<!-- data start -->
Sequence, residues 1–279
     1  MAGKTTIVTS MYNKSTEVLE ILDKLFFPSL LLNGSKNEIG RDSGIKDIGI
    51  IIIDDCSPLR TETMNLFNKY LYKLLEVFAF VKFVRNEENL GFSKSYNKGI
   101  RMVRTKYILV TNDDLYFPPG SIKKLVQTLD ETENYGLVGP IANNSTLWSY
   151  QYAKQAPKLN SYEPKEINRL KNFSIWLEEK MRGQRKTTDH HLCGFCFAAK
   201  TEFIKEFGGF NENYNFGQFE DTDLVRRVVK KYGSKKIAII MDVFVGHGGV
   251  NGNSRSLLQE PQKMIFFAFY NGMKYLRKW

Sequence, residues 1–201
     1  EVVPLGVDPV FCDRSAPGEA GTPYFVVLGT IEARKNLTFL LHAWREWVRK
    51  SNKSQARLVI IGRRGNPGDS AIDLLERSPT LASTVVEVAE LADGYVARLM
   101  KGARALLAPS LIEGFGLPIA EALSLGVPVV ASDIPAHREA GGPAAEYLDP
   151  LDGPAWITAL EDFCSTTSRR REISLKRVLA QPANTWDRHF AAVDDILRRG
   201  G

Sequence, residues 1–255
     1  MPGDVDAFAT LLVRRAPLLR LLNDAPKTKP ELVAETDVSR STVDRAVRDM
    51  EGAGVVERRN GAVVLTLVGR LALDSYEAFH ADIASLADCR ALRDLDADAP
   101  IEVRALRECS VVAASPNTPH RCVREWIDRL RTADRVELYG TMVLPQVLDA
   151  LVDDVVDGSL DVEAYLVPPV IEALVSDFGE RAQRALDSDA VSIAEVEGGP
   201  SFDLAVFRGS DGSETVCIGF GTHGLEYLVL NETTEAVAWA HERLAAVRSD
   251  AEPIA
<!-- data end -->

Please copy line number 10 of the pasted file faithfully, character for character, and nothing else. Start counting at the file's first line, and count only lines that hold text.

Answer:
    51  SNKSQARLVI IGRRGNPGDS AIDLLERSPT LASTVVEVAE LADGYVARLM